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  • Writer's pictureDon Magruder

The Right to Refuse Service

Most construction, remodel, and home repair professionals are very independent. Unlike many of the big-box retailers in America, if they do not like you or they feel you will be a difficult client, they will officially or unofficially refuse service. It happens every day and, for the most part, the homeowner does not realize they are being dissed by the home professional.

For instance, have you have been told one of the following when you inquired about getting some work done around your home?

“I would really like to, but right now I am too busy.”

“We do not have the equipment or personnel to do your job.”

“This job is more than we can handle right now.”

Even worse, they never get back with you or return your telephone call.

Finally, the quote is outrageously expensive, and they are unwilling to compromise on the price.

There is a good chance that if any of this has ever happened to you, then the home professional does not want your business, because they do not like you, do not trust you, or you have a history of complaining and being unreasonable. There is not much you can do about someone not liking you. You might remind them of a bad relative or neighbor, or it could be that generationally you are not a good fit. If you are a hip millennial trying to hire an old school craftsperson from the baby-boomer generation, you probably do not speak the same language.

It could be your political stance regarding who you support or a stand you have taken in the community, which has spurred the dislike. Several years ago, a woman who was extremely vocal in her support of the Lake County anti-growth movement, which supported restrictions and high impact fees, complained that she could not get anyone to work on her home. If you are against people in the construction industry, chances are the good companies will not want to do business with you. The other aspect is the bitter partisan divide in our country. A sign or flag in your yard might anger half the people, including the person you want to hire. Although you have a right to freedom of speech, it comes with consequences. People do not have to work for you.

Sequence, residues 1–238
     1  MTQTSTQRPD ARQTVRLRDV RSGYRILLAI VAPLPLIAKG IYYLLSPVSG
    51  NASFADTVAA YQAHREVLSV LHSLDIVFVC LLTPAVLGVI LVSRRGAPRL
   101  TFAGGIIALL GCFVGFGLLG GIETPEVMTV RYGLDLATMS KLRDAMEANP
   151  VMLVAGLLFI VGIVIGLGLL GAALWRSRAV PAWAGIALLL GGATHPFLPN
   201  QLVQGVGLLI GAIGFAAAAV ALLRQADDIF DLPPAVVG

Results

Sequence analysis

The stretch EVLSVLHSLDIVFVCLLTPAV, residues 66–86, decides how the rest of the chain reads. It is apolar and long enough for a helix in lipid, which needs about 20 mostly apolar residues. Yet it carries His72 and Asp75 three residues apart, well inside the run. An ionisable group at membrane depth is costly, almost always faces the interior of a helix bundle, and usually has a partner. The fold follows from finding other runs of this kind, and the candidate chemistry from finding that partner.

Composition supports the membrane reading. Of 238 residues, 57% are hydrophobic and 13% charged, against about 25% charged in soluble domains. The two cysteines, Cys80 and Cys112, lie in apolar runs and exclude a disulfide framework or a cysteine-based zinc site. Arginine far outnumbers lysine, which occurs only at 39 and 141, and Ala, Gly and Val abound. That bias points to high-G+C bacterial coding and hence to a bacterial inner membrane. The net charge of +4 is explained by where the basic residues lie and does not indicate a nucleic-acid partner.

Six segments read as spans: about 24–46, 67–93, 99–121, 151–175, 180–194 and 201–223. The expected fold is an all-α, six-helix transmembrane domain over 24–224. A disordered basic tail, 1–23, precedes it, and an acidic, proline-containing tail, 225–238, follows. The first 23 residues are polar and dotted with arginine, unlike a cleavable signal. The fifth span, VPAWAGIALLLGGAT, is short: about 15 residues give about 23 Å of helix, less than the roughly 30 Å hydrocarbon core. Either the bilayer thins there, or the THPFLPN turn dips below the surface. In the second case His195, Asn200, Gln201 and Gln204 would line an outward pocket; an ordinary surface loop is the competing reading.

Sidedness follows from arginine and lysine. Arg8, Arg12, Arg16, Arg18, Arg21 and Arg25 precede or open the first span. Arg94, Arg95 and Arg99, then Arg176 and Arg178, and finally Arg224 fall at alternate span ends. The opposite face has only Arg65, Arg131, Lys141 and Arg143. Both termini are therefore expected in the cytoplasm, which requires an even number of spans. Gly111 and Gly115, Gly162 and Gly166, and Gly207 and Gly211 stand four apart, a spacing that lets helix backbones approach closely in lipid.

Trust is an intangible that you must instill in others. If you meet a construction professional and you talk about how you believe everyone is there to rip you off or you mention withholding payment to people for not doing the work to a standard you desire; chances are, that professional will not trust you. The way your home looks can invoke or revoke trust. If your home looks like a mess and you do not have the details of your project well-conceived, then chances are the home professional will tell you goodbye. Great home professionals will not work for people they do not trust.

Okay, everyone gets it—you want it your way. You speak your mind, and you pride yourself on writing negative reviews on the internet if you are not completely satisfied. You should understand that most construction professionals will search the internet for information about you, scanning through reviews and social media posts to get a feeling as to your character and trustworthiness. If they find an abundance of negative online reviews and posts from you concerning the people you do business with then a huge red flag will go up.

Most construction professionals talk among themselves more than a group of older ladies at a church social. If you are disrespectful, refuse to pay, or treat another person in their group badly, then you will be blackballed by the industry and you will not be able to find anyone decent to work for you.

Eventually, you will find someone to do your work. This is how scammers and disreputable people operate. They prey on the people who are desperate to get work done around their home after they have been turned down by all the good craftspeople.

Your reputation is just as important as the person you are hiring, so be careful. Many of you are now realizing you have been refused service and did not even know it.

Don Magruder is the CEO of RoMac Building Supply and host of Around the House, which can be seen at

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